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Predictors of adult outcomes in clinically- and legally-ascertained youth with externalizing problems.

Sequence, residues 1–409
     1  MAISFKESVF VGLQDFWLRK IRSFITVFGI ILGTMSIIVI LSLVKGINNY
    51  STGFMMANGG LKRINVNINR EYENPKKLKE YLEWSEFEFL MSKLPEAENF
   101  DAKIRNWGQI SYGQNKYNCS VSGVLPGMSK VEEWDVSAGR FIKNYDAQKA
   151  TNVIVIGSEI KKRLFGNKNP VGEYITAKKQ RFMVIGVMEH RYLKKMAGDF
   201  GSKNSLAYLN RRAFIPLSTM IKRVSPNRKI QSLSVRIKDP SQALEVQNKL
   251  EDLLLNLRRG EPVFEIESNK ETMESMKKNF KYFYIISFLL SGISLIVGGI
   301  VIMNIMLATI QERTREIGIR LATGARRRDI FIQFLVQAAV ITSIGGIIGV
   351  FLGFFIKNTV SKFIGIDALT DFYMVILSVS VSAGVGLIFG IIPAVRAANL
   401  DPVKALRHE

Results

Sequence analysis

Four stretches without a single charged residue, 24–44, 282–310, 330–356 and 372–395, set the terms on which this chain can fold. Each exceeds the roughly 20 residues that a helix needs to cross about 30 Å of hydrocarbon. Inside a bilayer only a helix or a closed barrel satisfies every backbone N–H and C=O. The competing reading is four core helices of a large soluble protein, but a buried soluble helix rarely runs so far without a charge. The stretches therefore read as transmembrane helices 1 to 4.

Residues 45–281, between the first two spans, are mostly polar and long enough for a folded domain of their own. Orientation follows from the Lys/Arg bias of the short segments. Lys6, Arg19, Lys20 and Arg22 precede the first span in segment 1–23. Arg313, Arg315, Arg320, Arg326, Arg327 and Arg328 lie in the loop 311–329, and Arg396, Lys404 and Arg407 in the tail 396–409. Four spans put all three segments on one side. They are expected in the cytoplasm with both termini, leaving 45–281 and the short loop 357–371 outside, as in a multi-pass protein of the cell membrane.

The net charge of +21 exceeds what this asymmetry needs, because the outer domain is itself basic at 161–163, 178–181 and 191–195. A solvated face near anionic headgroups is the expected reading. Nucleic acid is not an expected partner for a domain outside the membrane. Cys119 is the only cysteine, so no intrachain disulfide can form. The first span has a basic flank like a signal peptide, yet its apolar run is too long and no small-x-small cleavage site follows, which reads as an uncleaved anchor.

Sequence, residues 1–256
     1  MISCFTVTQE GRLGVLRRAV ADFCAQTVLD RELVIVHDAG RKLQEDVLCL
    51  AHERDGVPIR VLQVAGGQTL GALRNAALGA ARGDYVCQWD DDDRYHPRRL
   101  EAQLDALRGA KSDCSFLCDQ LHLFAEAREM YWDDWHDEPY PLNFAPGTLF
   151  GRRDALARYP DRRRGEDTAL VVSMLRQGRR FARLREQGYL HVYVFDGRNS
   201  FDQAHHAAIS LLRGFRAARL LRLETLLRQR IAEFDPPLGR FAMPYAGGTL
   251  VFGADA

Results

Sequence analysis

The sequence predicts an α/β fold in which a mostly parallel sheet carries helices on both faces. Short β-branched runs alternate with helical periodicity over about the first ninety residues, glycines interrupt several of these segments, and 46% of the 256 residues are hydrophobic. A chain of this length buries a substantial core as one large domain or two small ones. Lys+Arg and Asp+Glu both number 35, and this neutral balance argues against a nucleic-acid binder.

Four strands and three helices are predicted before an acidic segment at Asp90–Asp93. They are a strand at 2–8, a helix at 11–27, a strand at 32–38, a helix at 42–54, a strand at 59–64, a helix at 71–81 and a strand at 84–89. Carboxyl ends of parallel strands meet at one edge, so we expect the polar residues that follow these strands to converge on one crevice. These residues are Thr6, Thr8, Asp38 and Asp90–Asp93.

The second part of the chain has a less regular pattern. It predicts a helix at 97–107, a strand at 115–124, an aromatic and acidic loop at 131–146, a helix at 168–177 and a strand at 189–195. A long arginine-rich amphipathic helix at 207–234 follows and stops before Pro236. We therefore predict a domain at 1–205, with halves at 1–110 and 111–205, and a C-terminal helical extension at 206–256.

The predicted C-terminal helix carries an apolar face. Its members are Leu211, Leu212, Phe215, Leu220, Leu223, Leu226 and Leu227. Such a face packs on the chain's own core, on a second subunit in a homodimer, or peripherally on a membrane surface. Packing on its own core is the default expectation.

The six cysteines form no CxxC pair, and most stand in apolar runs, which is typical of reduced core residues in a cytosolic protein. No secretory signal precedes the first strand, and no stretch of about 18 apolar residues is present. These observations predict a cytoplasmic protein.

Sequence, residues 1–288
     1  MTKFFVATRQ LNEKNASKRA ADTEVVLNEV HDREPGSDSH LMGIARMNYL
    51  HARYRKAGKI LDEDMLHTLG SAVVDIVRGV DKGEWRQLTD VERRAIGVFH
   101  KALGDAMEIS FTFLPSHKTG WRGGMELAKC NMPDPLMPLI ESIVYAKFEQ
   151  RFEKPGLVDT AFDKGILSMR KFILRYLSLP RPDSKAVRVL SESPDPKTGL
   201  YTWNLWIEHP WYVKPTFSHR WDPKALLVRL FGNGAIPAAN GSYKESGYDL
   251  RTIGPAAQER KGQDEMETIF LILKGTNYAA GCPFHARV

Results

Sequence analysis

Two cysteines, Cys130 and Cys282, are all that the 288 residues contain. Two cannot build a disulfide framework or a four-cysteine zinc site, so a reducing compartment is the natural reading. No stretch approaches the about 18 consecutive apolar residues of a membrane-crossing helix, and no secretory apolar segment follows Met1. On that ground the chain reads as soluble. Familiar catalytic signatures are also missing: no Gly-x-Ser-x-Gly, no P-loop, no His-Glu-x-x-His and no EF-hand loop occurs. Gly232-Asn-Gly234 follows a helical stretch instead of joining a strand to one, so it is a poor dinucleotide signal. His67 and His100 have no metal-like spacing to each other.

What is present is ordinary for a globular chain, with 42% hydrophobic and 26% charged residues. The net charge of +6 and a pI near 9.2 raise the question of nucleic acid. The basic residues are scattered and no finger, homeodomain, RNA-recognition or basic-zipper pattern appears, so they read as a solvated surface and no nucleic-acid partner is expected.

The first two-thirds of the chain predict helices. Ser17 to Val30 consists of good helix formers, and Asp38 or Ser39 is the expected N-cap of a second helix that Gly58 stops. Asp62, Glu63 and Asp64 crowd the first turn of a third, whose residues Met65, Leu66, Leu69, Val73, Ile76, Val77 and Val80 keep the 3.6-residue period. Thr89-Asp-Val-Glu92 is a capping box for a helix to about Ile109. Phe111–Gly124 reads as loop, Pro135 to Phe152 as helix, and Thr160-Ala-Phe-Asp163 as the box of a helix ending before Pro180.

Externalizing problems (EP), including rule-breaking, aggression, and criminal involvement, are highly prevalent during adolescence, but the adult outcomes of adolescents exhibiting EP are characterized by heterogeneity. Although many youths' EP subside after adolescence, others' persists into adulthood. Characterizing the development of severe EP is essential to prevention and intervention efforts. Multiple predictors of adult antisocial personality disorder (ASPD) and legal outcomes of a large sample (N = 1205) of clinically- or legally-ascertained adolescents (ages 12-19 years) with severe EP were examined. Many psychosocial predictors hypothesized to predict persistence of EP demonstrated zero-order associations with adult outcomes, but accounted for little unique variation after accounting for baseline conduct disorder symptoms (CD) and demographic factors. Baseline measures of intelligence, which explained independent variation in legal outcomes, provided the only consistent exception to this pattern, though future work is needed to parse these effects from those of socioeconomic factors. CD severity during adolescence is a parsimonious index of liability for persistence of EP into adulthood that explains outcome variance above and beyond all other demographic and psychosocial predictors in this sample.

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